van BEETHOVEN (1770–1827) CD 1 [71:41]
Symphony No.4 in B flat, op.60
(1806) [43:26] Symphony No.7 in A, op.92 (1812)
[37:15] CD 2 [75:09]
Symphony No.5 in C minor, op.67
(1807) [32:03] Symphony No.6 in F, Pastoral,
op.68 (1807) [43:06]
Royal Concertgebouw Orchestra/Wolfgang Sawallisch rec. 14-15 November 1991 (op.60),
21–23 November 1991 (op.92), 11, 14-15 March 1991 (opp 67; 68).
EMI CLASSICS 5176592 [71:41 + 75:09]
I thoroughly enjoyed these performances!
view of the FourthSymphony is of a work of lighter
weight than its companion, which it is, and he knows exactly
how to balance the serious and the humorous. And this work
is full of humour, especially in its orchestration. The mock
heroic slow introduction to the first movement bursts out
into a truly joyous account of the allegro – complete with
exposition repeat – the orchestra enjoying itself unreservedly.
For the slow movement, Sawallisch hits exactly the right tempo
and gives the music more depth and feeling than many performances.
The minuet races along – try dancing a minuet at this speed!
– and the finale is full of fun.
Seventh Symphony seems a smaller performance by comparison.
I cannot explain this, but perhaps it’s because the Fourth
is so good. Having said that it’s a fine piece of work. As
with the Fourth, Sawallisch hits exactly the right tempo for
each movement and the outer movements truly dance along. Oddly,
Sawallisch doesn’t repeat the first movement exposition –
but he does in the Fifth and Sixth Symphonies - which is
a shame for the music never reappears in quite the same way
and it is helpful to hear it twice at the beginning to get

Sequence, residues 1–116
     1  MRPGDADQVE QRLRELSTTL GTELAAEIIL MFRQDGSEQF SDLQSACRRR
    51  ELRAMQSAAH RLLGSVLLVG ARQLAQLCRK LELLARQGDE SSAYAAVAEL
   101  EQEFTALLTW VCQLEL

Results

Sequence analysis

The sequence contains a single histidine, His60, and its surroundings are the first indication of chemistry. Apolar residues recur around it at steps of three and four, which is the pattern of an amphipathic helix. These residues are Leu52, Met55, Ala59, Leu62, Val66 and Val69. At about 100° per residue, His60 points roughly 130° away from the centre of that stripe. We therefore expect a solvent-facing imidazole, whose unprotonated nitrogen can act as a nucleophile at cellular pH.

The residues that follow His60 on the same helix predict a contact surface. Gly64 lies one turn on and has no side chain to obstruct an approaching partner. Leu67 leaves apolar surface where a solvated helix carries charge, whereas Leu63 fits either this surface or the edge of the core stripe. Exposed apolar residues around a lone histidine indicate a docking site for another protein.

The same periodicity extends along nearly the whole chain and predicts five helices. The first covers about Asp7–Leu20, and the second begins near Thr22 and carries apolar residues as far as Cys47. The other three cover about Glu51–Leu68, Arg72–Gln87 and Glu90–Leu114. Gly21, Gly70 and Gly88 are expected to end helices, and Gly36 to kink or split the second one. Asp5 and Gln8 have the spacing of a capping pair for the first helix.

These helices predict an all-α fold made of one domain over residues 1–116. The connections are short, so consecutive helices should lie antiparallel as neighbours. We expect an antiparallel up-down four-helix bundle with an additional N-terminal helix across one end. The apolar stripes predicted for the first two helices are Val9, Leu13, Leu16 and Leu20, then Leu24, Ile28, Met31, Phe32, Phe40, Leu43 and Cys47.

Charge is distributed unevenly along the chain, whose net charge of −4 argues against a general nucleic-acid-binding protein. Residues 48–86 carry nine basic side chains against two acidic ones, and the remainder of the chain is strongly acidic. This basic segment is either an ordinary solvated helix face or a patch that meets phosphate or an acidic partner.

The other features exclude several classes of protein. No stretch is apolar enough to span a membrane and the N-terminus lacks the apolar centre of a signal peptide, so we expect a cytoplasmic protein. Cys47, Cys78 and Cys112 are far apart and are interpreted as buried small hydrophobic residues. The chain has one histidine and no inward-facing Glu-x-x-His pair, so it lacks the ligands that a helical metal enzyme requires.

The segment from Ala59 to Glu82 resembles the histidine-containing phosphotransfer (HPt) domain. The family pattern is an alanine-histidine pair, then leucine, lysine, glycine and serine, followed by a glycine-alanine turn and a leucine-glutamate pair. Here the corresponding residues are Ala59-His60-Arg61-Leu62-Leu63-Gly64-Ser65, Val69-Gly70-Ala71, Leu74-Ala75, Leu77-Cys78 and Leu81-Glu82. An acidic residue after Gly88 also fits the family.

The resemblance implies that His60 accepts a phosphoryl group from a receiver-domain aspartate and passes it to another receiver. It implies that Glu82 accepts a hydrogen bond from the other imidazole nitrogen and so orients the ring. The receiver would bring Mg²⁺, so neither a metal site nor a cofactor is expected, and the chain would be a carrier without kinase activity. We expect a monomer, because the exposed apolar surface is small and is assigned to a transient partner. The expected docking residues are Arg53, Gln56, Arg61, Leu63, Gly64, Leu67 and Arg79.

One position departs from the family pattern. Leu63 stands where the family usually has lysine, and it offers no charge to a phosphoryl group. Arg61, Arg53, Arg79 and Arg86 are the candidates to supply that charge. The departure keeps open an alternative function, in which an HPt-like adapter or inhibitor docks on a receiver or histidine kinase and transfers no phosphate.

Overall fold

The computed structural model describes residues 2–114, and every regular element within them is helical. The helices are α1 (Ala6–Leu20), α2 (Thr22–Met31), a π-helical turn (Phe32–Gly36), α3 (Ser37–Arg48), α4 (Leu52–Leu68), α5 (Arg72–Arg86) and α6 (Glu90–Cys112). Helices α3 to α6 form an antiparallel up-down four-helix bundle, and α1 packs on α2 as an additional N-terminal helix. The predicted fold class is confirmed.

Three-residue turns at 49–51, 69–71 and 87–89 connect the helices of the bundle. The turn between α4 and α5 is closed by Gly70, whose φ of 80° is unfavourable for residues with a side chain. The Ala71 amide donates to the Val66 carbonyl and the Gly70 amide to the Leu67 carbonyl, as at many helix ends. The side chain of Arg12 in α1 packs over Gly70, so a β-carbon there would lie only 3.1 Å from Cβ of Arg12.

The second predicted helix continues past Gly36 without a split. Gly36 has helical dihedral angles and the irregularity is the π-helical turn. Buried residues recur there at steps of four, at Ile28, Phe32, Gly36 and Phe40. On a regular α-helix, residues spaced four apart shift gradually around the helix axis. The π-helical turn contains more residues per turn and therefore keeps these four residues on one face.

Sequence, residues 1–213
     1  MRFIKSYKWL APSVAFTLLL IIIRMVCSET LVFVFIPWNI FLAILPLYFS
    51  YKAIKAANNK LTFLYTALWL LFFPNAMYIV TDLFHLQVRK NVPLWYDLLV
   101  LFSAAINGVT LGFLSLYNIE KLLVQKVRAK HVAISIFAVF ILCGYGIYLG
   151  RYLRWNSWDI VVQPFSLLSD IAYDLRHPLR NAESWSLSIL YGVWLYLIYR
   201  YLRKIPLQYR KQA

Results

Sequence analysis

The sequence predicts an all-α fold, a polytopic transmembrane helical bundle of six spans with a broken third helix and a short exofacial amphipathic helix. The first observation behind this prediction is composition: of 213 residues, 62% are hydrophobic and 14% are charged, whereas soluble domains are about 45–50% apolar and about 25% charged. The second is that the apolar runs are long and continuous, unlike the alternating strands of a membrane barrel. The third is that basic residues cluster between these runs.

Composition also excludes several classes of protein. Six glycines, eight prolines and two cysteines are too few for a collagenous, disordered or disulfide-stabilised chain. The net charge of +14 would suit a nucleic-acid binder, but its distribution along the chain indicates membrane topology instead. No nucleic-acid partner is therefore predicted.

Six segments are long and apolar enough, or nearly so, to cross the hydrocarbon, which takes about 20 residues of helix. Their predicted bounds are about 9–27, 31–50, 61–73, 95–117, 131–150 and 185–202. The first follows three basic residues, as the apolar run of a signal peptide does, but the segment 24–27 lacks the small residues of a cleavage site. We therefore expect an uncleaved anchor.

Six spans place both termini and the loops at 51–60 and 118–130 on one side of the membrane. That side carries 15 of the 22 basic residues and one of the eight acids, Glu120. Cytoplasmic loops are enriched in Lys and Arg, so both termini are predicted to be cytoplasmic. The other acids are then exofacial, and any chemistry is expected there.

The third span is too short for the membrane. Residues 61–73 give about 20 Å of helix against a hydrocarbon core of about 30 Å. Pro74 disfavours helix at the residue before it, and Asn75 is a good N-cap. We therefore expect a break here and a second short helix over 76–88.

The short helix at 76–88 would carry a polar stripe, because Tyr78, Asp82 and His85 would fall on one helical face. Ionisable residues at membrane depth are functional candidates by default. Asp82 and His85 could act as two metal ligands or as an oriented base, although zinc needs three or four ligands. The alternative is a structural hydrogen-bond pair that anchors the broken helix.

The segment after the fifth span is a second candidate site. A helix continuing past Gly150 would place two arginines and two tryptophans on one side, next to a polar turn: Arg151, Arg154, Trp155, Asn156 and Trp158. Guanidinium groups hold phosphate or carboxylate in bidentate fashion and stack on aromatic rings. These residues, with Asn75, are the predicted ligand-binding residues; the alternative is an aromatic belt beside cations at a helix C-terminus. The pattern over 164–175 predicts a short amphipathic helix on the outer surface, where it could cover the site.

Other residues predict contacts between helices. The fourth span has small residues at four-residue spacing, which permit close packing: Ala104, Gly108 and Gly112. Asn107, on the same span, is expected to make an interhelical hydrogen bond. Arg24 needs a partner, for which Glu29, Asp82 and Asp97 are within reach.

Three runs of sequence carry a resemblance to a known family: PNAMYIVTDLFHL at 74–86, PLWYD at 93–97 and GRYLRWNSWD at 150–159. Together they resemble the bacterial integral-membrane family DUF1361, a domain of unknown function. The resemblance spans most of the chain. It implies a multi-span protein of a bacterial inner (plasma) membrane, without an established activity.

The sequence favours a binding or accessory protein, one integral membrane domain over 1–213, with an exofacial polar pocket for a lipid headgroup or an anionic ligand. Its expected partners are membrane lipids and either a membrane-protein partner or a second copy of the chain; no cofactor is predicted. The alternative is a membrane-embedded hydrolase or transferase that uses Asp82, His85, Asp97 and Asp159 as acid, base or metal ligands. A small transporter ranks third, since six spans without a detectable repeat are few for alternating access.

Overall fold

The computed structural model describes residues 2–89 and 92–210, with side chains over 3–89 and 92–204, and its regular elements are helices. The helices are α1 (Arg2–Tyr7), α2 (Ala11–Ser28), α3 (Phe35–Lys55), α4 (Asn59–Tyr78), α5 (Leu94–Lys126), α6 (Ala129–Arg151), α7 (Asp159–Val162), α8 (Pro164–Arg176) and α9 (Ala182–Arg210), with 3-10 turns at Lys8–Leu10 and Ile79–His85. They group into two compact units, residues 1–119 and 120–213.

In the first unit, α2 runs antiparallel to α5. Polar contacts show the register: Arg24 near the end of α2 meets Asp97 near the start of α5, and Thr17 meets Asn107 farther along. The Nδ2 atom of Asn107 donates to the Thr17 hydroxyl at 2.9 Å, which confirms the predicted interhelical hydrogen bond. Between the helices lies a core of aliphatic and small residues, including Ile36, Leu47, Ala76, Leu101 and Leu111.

the outline of the music into our heads. OK. A small point
I admit and the performance is so fine that, in the long run,
it doesn’t matter too much. The slow movement is treated as
a true Allegretto and not as some kind of apology for
a funeral march.
Fifth Symphony starts in a very cool manner but in his conception
this allows Sawallisch to build the tension, gradually, right
to the end of the first movement. The slow movement sings
and the scherzo is full of mystery. The finale, shorn
of its exposition repeat, is resoundingly resplendent and
is a true victory parade.
to the Sixth Symphony. Sawallisch is as pictorial as you could
want. The first movement has a real open air quality about
it and there is some gorgeous woodwind playing in the second
movement – At the Brook. The peasants dance happily
and the storm, which isn’t as frightening as some might make
it, easily fits into Sawallisch’s scheme of things, moving
perfectly into the Thanksgiving Hymn at the end.
are fine, classical, performances, well thought out, well played
and very enjoyable. Sawallisch doesn’t reach the heights of Carlos
Kleiber in his magnificent performances of the Fifth and Seventh
Symphonies (Deutsche Grammophon 4474002), which is essential listening
and should be on every record shelf, but he does complement Kleiber
and give a different view of these works. The dynamic range of
the recording is wide and the sound is of the very finest EMI
has to offer.
Founding Editor Rob Barnett Senior Editor
John Quinn Seen & Heard Editor Emeritus Bill Kenny Editor in Chief
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